I love white subway tile.
Have loved it forever.
Like, 15 years forever. So, in other words, a really long time.
We DIY installed it in our very first little house renovation as the tile in our shower.
But, sadly, I have never had the chance to use it again in any of our future houses.
I love the 3×6 size. I used the 4×8 size during our previous bathroom renovation but like the slightly smaller scale for the kitchen backsplash application.
We decided not to DIY this project because of the massive scale of it – I wanted to be sure that it was absolutely PERFECT since it spans the entire back wall from counter to ceiling… and wraps all the way along under the windows, and down to the baseboard beside the peninsula.
So we called a friend who is an absolute PRO tiler and had him take over, gathering some amazing tips along the way to share with all of you!
Plan out your design before you start – measure and sketch it out on paper to prevent any mistakes. Plan to start in the middle of the wall and work outwards. By starting in the middle you ensure that you won’t end up with little itty bitty bits of tile on one corner and larger tiles on the other corner, which would give your backsplash a lopsided and unprofessional finish. Also, if you are planning to install shelving after-the-fact, then figure out where your studs are ahead of time and record this information somewhere so you know where the studs are after the tile has been installed.
2) Start with a Blank Slate
If you have a pre-existing backsplash, then remove it as carefully as possible, trying to minimize damage to the drywall. Then repair the drywall and give it a quick coat of primer as the ideal surface for adhering your tile to. Also, if you plan to install any shelving or anything else in the kitchen, try to do so AFTER you have installed your tile in order to prevent having to use little bitty pieces of tile that are difficult to cut and work with and leave a messy looking edge.
3) Think About Your Cuts
Cut whole tiles in half for the staggered design of a classic white subway tile installation. By cutting them in half ahead of time, you make sure that you get two exact 1/2 tiles with one cut which helps you keep your tiling lined up precisely as you work your way across the wall. You want to use as many full and half tiles as possible and avoid little bits of tile for the most clean and professional look.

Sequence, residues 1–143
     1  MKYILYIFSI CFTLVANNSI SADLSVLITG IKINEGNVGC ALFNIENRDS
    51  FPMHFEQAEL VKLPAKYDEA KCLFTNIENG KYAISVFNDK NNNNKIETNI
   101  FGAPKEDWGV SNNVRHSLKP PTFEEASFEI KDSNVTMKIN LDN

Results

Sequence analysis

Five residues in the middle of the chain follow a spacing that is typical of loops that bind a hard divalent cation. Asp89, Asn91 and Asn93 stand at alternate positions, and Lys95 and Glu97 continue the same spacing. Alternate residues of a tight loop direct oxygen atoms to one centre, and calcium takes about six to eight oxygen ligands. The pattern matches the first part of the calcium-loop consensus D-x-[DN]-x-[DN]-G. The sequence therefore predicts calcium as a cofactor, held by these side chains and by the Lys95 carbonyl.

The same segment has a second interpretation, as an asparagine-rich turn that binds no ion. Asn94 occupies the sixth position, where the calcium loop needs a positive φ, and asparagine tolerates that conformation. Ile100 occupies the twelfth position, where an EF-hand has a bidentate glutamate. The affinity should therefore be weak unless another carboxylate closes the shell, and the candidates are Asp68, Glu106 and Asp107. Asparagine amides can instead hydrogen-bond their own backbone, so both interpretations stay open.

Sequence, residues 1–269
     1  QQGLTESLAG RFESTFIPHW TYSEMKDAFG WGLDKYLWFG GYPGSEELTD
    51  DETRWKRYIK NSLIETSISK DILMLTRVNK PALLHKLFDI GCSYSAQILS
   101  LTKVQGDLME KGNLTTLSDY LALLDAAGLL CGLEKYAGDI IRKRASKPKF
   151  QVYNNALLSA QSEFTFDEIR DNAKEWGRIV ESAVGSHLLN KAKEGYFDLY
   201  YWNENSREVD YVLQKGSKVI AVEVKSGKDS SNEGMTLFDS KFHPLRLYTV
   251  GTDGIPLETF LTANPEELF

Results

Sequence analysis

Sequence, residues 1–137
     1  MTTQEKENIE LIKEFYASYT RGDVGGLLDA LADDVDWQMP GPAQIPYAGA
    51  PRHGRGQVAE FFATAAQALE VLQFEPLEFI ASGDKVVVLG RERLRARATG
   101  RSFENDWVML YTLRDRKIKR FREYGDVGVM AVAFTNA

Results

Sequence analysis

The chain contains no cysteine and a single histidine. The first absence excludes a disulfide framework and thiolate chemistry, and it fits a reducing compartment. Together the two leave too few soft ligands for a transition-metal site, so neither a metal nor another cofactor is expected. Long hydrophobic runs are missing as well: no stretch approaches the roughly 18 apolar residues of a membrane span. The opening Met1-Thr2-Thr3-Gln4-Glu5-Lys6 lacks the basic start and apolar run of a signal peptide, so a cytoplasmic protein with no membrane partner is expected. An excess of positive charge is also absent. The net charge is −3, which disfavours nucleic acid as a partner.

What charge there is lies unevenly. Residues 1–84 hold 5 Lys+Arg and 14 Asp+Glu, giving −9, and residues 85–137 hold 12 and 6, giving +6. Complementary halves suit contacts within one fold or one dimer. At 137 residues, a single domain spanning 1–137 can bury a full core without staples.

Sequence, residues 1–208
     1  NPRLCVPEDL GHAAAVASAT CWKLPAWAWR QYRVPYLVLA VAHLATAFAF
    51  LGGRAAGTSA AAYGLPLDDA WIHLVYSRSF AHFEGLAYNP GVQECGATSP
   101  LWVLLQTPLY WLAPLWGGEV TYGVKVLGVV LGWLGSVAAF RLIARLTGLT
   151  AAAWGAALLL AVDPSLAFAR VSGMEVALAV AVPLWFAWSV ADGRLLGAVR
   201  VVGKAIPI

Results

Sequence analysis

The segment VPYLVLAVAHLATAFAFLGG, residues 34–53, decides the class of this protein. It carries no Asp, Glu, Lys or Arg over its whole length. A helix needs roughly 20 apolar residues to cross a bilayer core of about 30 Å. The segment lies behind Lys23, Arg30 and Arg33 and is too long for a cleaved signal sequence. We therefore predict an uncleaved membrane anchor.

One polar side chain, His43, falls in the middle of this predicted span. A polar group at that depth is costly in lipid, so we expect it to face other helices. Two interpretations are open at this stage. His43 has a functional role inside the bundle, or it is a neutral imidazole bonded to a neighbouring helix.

Read the package instructions clearly so you get an idea of the setting time- and mix your grout in small batches. You don’t want it to start to go hard before you have time to apply it. The texture of your mixed grout should be not too runny and not dry and crumbly- sort of like the consistency of cheez whiz or peanut butter. Just don’t dress your celery with it.
5) Finishing: Sealer and Caulking
If you are using white or very light grout in a high traffic area or more active area of the kitchen, you may want to seal the grout in order to prevent it from staining and marking over time. Nothing looks grosser then dirty, stained grout; especially when you can see that it is crisp, clean, and white in other areas of the backsplash. Finish off your tiling with caulk- and to keep your caulk line nice and clean and crisp, put painters tape along the edges of the backsplash. This also helps prevent caulk getting on your freshly grouted and sealed tiles.
I love how it turned out!!
Didn’t it turn out absolutely stunning?!! I can’t wait to show you the full picture- but there are a few jobs to wrap up before the big reveal. I will be back next week with some more details on that planked peninsula you get a glimpse of in the photo just above.
We do have some tile left over so I am hoping to share a DIY Tile video of my own soon, when we install the rest of our white subway tile in the kitchen of our rental property. Stay tuned!!
Until then, if you are looking to install some ceramic tile yourself, check out this easy to follow and concise video by build.com on their YouTube channel. They have some great tips to help you get started, and although it shows how to tile a floor, but many of the same principals apply to installing a backsplash.